My big read, still underway, is Houdini!!! The Career of Erich Weiss by Kenneth Silverman. An exceedingly researched and detailed biog, Houdini!!! presents a fairly entertaining study of the Handcuff King and his many trials and triumphs. In its thoroughness, however, it lacks dynamism, and I'm quite eager to get back into some rollicking fiction once I'm done.
For all his dare-deviling and death-defying, Houdini's success seems to have come quite easily to him, and it's not until later in life, as his youthful vigour and elasticity begins to fade (not to mention the heartbreaking loss of his mother) that he really starts seem challenged.
Silverman presents Houdini as a marvellously vain showman whose own contradictions seem as tricky as his escapes.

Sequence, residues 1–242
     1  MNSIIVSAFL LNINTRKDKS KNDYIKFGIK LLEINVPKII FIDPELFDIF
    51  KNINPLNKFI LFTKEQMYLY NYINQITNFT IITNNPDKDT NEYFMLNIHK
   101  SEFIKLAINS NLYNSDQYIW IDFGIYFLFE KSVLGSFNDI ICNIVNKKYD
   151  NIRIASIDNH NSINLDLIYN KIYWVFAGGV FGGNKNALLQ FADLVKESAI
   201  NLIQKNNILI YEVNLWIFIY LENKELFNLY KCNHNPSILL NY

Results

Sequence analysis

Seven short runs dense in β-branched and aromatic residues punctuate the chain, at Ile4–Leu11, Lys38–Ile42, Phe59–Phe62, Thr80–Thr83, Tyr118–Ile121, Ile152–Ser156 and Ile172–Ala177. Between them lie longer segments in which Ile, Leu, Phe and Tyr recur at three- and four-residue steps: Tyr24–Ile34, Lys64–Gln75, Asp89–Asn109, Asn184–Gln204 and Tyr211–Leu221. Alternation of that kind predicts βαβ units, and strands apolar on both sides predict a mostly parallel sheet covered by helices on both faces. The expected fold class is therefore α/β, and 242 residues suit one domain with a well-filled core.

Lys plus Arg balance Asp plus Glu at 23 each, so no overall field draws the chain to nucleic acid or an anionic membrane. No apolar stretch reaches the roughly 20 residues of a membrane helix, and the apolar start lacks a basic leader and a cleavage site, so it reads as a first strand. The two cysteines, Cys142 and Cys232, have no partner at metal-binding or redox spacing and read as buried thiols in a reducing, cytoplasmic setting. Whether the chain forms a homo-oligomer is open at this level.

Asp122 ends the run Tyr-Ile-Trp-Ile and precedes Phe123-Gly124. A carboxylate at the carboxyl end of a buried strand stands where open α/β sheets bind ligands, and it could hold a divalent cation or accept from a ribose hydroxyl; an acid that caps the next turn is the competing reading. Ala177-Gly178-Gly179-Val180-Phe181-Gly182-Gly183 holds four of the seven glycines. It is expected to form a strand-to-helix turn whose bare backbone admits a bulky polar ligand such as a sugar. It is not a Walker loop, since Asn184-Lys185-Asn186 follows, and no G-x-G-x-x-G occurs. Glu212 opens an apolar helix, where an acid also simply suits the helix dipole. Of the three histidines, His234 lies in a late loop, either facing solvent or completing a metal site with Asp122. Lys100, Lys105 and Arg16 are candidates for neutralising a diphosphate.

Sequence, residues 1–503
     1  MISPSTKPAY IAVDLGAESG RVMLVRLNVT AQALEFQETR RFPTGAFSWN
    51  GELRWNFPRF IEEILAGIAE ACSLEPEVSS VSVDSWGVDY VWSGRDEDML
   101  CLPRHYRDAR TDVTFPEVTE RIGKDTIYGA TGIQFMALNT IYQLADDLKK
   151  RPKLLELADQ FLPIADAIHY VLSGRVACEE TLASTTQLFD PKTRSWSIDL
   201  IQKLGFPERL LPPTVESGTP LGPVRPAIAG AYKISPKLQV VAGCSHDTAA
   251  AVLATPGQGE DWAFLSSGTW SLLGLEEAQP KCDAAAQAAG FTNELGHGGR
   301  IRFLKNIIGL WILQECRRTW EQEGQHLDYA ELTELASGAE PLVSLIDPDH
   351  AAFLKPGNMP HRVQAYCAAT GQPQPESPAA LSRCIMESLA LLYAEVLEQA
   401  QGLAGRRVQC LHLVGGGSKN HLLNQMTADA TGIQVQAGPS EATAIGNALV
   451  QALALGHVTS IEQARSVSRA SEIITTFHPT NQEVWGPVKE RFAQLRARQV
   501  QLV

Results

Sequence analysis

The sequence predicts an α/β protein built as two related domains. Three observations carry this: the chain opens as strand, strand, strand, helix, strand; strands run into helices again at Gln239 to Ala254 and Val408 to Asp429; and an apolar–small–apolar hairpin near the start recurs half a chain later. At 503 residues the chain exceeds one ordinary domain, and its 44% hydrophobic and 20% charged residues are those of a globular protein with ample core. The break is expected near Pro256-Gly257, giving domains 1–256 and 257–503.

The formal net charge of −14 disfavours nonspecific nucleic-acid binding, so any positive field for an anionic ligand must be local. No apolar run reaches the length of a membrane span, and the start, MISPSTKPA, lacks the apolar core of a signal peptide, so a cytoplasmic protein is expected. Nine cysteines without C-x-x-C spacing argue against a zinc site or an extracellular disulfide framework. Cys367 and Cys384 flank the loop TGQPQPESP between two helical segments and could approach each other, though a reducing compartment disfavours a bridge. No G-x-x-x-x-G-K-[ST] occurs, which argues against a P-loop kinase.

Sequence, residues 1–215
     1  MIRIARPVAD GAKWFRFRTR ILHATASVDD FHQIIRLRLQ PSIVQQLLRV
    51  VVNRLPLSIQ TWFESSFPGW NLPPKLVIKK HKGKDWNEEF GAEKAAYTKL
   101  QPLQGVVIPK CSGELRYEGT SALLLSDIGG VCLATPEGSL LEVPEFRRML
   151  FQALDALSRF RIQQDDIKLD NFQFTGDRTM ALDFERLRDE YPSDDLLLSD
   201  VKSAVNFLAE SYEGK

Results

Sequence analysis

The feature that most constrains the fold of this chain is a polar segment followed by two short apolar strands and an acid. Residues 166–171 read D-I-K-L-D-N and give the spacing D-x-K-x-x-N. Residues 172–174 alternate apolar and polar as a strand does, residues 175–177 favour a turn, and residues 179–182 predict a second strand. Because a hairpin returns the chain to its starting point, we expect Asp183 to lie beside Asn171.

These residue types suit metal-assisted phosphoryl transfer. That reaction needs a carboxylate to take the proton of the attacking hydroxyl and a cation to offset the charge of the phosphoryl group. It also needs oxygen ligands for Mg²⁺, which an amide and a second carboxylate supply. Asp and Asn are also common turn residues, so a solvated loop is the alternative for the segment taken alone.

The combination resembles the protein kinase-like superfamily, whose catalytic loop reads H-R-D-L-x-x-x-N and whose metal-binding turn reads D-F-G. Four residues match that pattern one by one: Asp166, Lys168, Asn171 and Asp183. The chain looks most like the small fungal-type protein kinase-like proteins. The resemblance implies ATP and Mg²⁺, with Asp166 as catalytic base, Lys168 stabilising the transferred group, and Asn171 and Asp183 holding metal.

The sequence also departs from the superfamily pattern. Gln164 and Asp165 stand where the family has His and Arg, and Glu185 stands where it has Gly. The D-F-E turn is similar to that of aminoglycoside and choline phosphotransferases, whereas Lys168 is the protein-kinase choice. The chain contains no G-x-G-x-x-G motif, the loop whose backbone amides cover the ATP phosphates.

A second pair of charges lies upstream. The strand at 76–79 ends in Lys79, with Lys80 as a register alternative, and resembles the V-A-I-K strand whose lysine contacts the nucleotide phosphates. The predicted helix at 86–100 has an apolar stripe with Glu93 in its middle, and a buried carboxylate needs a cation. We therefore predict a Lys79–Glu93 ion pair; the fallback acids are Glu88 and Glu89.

What's really twigged my imagination/interest, though is Howard Thurston, an also-ran with a much more colourful past that Houdini. Says Silverman:
[Thurston] had put in time in hobo jungles, racetrack stables, and two-fisted western mining towns with names like Diamondville--picking pockets, burgling, operating a cheap-jewelry scam, hustling as a cane-waving check-coat barker with the DeKreko Brothers Congress of Eastern Nations, a traveling hootchy-kootchy show.
All of which sort of paints Thurston as a Jerry Lee Lewis of Prestidigitation to Houdini's Elvis.
I'm also reading and MY-T-LY enjoying Showcase Presents: Martian Manhunter. Presenting in black & white glory, the first 500 pages of the Martian Manhunter's earthly adventures, it's as good as Silver Age back-up strips got, if the Showcase Presents: Green Arrow is anything to go by.